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Early Egyptians buried their dead in the ground, placing them in a fetal position, in shallow graves dug in the sand. Egypt grew into a powerful prosperous nation on the dynastic period began in 3100 BC. Around this time Egyptians began to construct more and more elaborate tombs to house their dead. There were also several basic types of tombs such as the mastaba. The mastaba is a low reInactangular flat topped tomb made of mud brick or stone. The mastaba had a shaft inside that led to an underground burial chamber. Egyptians also sometimes carved into the rocks of steep cliffs to create burial chambers.
Of course, the most famous and remarkable Egyptian tomb were the massive pyramids they began to erect around 2700 BC. The magnificent of them all is the Great Pyramid of Giza. The Great Pyramid of Giza was made to house the Pharaoh Khufu around 2550 BC. This gigantic beauty stand 481 feet tall and required around 2.3 million stone blocks to create. Some of the block weighing as much as 15 tons. The pyramids were a part of a complex city surrounded by temples and other buildings. Egyptians believed that a person’s spirit became disconnected from the body at death, but it could be awakened in the afterlife only if the proper rituals were performed at death. This meant preserving the body carefully. This began the process of mummification in around 2600 BC. Mummification is the process of removing moisture from the body in order to leave behind a dried out form that would resist decay. When the process began it was so elaborate and expensive that it was only used for Pharoahs. Later a simplified version was available to other Egyptians.
The mummification process was carried out by a special class of priests. These priest were responsible for treating and wrapping the body. During the mummification the priests would also perform rituals and prayers. The first step was the removal of the brain. The brain was removed through the nostrils using a hooked instrument. Special care was taken to ensure the corpse’s face was not disfigured in the process. Next, the priest would cut open the abdomen and remove other organs such as the stomach, liver, lungs, and intestines. Often times these organs were preserved separately in jars or wrapped and reinserting into the body. The only organ that remained intact was the heart. The Egyptians believed that the heart contained the core of one’s intelligence and spirit. The next task was covering the corpse with natron, a salt that acts as drying agents. Additional pouches of natron where also placed inside the body. Once all of the moisture was absorbed the priest washed of the natron. Removing the moisture would cause areas of the corpse to have a sunken appearance so the priest would place linen and other materials in those areas to fill them up. This was done so that the dead body would continue to resemble they was the person had looked alive.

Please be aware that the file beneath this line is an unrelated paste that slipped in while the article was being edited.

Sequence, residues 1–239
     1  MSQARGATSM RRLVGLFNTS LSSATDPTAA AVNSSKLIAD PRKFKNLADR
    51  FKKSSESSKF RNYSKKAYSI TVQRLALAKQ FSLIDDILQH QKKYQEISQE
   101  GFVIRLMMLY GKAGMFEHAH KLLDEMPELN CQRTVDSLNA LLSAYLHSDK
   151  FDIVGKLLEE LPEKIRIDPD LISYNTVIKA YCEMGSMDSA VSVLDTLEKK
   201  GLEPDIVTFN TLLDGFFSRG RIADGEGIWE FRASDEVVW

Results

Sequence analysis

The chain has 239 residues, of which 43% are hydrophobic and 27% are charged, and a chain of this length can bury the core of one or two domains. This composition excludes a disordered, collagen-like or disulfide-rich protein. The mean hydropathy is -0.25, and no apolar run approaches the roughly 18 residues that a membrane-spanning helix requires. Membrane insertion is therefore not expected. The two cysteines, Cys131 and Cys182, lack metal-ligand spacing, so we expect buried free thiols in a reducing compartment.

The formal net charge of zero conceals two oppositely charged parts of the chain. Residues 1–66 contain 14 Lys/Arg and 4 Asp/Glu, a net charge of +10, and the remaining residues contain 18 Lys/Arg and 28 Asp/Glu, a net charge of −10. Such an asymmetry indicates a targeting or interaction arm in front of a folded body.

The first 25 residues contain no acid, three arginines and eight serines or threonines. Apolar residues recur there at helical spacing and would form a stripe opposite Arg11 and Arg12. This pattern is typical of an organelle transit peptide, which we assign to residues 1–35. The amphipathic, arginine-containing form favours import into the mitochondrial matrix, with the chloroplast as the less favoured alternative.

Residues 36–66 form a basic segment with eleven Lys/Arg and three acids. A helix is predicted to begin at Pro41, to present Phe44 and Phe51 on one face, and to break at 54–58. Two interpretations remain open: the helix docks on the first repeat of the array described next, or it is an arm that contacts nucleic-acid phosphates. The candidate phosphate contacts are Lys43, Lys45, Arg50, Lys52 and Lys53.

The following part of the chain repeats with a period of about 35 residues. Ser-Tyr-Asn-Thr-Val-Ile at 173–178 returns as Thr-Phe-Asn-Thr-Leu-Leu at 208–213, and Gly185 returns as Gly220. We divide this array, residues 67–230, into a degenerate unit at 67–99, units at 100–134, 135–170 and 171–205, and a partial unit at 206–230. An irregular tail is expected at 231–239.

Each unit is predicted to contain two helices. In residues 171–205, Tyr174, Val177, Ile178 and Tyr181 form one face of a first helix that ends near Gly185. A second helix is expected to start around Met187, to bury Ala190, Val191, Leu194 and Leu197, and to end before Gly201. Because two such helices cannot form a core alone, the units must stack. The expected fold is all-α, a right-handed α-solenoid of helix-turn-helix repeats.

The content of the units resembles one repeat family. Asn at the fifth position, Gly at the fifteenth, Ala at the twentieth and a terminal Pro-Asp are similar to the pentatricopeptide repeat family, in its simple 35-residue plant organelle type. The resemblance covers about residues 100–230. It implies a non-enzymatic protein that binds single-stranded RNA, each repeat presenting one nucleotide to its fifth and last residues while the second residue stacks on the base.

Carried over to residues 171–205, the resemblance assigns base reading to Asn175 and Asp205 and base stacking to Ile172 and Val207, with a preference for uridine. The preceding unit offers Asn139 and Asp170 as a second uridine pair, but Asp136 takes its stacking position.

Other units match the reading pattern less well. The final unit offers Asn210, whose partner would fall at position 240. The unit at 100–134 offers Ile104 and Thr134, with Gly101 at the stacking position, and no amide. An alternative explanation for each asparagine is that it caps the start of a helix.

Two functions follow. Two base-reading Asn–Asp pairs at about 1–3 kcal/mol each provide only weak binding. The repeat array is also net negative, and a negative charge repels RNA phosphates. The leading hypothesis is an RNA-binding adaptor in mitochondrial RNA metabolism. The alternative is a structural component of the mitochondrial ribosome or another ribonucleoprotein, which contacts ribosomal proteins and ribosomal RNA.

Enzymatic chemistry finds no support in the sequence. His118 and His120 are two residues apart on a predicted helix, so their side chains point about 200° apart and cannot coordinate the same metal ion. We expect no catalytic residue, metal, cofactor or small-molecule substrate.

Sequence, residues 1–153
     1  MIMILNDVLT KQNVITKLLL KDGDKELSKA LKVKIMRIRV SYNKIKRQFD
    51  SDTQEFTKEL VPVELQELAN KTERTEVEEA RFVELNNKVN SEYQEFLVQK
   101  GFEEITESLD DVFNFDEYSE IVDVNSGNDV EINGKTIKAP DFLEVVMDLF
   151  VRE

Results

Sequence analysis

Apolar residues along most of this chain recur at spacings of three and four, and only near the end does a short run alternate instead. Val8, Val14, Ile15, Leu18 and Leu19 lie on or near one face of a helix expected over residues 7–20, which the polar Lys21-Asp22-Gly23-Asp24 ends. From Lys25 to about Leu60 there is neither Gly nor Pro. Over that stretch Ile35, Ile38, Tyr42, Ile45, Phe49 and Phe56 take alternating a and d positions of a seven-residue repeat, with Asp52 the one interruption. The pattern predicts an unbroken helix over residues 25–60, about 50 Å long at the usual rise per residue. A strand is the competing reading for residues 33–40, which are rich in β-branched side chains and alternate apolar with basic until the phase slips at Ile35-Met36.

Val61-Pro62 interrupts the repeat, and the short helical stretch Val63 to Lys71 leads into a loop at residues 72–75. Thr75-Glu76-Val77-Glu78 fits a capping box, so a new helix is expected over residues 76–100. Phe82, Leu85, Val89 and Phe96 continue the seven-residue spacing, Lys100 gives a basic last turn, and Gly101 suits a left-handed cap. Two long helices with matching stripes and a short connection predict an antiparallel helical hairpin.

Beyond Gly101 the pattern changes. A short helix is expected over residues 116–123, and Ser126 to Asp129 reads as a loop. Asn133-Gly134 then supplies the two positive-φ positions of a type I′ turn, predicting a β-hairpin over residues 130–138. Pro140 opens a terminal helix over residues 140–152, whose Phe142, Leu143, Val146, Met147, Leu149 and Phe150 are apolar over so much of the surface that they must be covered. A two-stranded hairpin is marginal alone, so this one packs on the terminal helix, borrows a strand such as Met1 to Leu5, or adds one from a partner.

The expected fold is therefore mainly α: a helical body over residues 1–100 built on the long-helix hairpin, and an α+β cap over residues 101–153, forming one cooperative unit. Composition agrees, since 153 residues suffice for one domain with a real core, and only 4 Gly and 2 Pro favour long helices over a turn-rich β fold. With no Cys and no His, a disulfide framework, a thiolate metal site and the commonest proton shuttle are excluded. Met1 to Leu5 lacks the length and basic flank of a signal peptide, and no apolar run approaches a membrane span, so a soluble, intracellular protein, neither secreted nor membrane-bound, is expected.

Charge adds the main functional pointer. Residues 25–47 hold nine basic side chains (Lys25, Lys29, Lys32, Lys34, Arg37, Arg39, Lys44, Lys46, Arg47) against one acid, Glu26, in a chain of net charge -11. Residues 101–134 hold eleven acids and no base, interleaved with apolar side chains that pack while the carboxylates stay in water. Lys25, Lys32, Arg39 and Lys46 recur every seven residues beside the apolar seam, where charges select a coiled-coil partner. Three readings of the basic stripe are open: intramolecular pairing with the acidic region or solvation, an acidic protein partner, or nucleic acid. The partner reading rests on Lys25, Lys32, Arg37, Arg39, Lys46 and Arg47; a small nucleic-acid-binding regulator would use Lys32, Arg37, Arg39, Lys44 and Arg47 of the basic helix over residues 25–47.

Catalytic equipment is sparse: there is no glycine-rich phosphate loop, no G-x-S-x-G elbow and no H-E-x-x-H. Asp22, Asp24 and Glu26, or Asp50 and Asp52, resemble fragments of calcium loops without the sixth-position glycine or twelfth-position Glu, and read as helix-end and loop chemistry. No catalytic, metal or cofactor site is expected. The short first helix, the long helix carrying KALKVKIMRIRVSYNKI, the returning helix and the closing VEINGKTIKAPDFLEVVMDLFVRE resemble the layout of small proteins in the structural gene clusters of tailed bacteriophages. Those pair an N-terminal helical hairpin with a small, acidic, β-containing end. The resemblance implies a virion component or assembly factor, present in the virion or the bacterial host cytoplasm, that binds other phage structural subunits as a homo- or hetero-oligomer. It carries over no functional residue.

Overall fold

The next step was wrapping the body. The body was wrapped in hundreds of yards of fabric that was cut into strips. The priest would write prayers and enchanted words on the fabric, and inserted amulets between the layers in order to protect the dead person from any dangers that they might encounter on their journey to the afterlife. Often times they would attach a mask that was made to resemble that person’s face between the strips of linen. The body was covered with warm resin, to hold the linen together. In the end they wrapped the completed body in shroud, and secured it with additional linen.
Egyptian funerals were also intricate. The body was place in a coffin and then transported to the tomb in a cart pulled by oxen. It was accompanied by a procession that included relatives, priest and priestess, dancers, and musicians. Sometime the jars containing the dead person’s organs were carried by the participants. They would march to the banks of the Nile. Once they reached the Nile everyone would board boats to make their way across the western side. The western side was the preferred location for burials. Once they arrived at the tomb, the body would be raised upright and the priest would begin to perform rituals to make sure that the dead would be able to use of their senses in the afterlife. These rituals included included prayers and touching the body with sacred objects. Food and clothing were also placed in the tomb to accompany the person on their journey to the afterlife. In approximately 2000 BC, Egyptians began placing small statues of human forms called shabtis in tombs. Initially the shabtis served as an alternative body for the dead persons life source, or ka. Over time the functions of these figures began to evolve. A person would be buried with an assortment of shabits. The Egyptians believed the shabits would serve functions such as labor as farm workers or servants in the afterlife. This would spare the dead person from having to work in the afterlife.
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